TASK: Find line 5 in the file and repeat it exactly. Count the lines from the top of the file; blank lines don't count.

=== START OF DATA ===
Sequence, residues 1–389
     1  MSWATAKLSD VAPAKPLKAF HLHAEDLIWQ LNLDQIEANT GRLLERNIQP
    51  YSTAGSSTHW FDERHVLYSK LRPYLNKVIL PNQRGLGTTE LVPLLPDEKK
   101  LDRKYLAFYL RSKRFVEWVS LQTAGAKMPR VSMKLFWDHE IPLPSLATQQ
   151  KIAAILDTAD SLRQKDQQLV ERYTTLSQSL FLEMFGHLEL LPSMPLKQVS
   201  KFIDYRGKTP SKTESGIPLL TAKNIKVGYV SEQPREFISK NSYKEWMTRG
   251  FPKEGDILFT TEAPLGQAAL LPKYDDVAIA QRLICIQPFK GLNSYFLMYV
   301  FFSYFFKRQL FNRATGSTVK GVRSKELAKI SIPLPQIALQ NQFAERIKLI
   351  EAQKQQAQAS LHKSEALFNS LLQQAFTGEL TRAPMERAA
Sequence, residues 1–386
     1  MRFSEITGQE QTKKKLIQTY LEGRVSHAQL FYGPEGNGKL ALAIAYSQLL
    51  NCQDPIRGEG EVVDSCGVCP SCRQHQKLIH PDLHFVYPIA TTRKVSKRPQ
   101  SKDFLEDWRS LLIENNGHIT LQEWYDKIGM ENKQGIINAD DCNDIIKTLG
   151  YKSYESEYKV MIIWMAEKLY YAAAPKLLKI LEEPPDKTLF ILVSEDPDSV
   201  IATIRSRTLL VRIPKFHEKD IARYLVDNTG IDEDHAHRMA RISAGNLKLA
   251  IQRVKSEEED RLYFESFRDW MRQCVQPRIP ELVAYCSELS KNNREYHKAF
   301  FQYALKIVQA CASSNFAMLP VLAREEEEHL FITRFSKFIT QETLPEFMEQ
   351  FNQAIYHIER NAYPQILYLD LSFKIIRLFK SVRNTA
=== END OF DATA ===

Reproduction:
   151  KIAAILDTAD SLRQKDQQLV ERYTTLSQSL FLEMFGHLEL LPSMPLKQVS